“The goal,” says Bill Straw, founder and president of the Seattle-based independent Blix Street Records who compiled and sequenced SAILING, “was to create a super album that, much like Eva Cassidy’s SONGBIRD (also on Blix Street), would elevate a relatively unknown artist to her rightful place among her peers.  No one deserves it more than Grace Griffith.”   Straw has had a deep respect for Griffith and her talent, as well as an appreciation for her musical taste for many years.  He signed her to Blix Street Records in 1995 after first hearing EVERY HUE AND SHADE, her solo debut which earned her one of her now multiple WAMMIEs, presented by the Washington Area Music Association.  Subsequently, it was Griffith who first brought the music of her friend Eva Cassidy to Straw’s attention.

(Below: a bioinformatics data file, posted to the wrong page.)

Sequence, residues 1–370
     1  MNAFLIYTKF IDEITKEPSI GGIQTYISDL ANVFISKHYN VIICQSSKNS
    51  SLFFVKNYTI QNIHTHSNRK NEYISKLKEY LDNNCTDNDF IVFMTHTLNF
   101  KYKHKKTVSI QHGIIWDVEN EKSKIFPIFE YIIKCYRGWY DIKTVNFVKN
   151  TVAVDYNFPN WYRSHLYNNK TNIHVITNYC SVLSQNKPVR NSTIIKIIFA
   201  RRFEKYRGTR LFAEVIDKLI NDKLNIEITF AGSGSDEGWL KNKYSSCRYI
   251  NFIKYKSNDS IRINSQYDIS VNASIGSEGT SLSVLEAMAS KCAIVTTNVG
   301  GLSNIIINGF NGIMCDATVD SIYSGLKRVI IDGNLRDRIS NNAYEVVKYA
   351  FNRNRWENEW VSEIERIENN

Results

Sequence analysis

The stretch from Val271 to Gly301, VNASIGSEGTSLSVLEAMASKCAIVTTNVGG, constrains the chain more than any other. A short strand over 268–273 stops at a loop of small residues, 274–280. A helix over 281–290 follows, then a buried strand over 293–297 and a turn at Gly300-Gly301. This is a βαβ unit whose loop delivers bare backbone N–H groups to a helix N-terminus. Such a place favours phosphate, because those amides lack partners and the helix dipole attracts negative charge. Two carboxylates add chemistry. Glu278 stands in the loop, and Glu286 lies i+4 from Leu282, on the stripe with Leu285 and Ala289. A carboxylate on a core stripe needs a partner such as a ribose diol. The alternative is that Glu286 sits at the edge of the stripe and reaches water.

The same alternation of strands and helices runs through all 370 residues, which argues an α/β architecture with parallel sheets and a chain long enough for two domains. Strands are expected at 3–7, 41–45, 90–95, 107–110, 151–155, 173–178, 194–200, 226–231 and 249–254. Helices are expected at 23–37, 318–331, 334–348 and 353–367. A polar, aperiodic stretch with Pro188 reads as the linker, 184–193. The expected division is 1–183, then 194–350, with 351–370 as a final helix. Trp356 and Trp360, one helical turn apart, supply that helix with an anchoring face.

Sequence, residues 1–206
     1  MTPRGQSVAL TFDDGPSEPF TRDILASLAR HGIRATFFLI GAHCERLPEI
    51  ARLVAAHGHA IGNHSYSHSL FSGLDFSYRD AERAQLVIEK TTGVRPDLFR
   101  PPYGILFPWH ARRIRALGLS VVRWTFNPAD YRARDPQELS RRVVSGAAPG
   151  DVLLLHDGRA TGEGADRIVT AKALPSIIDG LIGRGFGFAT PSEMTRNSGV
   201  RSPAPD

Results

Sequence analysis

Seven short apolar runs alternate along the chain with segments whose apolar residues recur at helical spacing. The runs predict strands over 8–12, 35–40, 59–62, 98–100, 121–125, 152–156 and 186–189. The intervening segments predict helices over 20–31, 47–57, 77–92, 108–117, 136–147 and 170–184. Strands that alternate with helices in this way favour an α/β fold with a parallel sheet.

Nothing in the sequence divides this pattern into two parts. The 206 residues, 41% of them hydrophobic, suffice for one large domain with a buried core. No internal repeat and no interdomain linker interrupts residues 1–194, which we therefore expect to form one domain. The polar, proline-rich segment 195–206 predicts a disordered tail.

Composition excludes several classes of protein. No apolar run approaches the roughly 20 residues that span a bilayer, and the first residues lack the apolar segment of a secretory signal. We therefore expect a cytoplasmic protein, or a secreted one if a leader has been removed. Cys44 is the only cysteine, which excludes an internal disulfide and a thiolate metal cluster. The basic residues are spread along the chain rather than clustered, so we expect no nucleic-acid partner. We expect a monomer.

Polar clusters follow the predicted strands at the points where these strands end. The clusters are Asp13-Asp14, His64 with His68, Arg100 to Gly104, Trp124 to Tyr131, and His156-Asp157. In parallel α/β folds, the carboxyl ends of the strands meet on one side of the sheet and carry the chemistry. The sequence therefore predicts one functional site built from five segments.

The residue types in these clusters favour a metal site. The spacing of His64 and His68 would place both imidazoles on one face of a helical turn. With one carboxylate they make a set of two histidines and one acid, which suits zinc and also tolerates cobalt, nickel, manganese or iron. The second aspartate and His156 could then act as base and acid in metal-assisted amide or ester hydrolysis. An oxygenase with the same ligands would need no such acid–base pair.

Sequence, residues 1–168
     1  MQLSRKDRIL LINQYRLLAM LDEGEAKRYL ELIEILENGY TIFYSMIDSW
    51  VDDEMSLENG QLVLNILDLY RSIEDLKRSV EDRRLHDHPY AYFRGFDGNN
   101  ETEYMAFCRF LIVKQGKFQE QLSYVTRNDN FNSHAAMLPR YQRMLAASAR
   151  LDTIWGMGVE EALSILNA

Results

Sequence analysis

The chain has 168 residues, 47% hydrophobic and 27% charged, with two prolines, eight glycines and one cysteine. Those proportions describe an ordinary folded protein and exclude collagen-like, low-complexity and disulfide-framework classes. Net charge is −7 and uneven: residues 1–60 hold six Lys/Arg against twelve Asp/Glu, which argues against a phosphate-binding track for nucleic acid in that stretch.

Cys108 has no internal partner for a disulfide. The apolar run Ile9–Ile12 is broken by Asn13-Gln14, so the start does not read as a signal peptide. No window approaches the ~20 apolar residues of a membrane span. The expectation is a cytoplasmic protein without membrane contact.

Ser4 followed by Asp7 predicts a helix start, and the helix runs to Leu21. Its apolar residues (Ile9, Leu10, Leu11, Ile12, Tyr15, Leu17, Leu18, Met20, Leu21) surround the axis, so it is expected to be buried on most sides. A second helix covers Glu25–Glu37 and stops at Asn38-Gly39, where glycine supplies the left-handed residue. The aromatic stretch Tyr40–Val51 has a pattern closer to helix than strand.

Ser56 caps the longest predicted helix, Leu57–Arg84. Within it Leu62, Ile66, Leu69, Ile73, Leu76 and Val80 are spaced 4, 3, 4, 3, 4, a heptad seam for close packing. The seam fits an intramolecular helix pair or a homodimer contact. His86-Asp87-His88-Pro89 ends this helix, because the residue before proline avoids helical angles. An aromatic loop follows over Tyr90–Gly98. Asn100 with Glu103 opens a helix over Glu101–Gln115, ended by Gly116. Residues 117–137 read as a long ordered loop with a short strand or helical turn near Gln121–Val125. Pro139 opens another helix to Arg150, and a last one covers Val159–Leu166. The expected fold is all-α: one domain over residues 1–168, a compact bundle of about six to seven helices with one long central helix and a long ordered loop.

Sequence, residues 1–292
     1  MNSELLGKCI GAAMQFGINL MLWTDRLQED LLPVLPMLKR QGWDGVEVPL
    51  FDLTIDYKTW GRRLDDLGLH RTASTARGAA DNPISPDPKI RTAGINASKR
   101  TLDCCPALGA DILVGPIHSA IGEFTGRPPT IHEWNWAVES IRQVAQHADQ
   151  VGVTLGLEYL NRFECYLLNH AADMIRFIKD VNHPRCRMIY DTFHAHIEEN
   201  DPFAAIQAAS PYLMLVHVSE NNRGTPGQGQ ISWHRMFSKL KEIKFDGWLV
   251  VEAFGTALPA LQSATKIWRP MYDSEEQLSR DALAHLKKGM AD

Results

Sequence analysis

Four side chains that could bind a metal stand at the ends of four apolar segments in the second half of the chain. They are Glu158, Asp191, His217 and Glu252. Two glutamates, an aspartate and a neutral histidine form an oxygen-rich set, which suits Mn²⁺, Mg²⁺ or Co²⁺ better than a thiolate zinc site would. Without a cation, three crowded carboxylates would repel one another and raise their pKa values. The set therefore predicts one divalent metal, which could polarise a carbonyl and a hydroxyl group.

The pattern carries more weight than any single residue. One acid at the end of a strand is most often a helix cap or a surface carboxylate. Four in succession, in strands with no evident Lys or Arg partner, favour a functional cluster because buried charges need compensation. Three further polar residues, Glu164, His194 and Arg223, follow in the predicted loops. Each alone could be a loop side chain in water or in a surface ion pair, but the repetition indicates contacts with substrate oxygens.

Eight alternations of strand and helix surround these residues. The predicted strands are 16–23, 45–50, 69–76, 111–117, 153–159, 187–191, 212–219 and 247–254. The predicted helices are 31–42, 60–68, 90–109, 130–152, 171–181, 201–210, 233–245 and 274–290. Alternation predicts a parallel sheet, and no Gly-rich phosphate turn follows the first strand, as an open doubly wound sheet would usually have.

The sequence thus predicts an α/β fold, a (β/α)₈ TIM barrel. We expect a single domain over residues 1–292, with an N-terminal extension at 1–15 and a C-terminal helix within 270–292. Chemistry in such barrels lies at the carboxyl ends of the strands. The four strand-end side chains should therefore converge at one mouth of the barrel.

“When I first saw the list of songs chosen for this project,” says Griffith, “I was surprised and pleased by the amount of research Bill had put into repertory selection, track sequencing, artwork and all the other details. The material covers a span of time beginning with my teenage years, when most of my singing was done in the woods where I grew up or in D.C.-area coffeehouses with my sister Maura, and continues through 2006’s MY LIFE, encompassing many of the songs I perform in my appearances these days.  I was also pleasantly surprised when the Blix Street came up with a title and a theme that so suits this project, affirming my place in the world as I think of it—sailing.  The little watercolor on the cover was done when I was in my late teens.  The Viking ship was a recurrent image in my daydreams and watercolors during those years. I always thought of it as a dream ship sailing on the sea of life between storm and calm, but always coming home through the dark sky.  As far as I know, this is the only remaining picture from my water-coloring days.”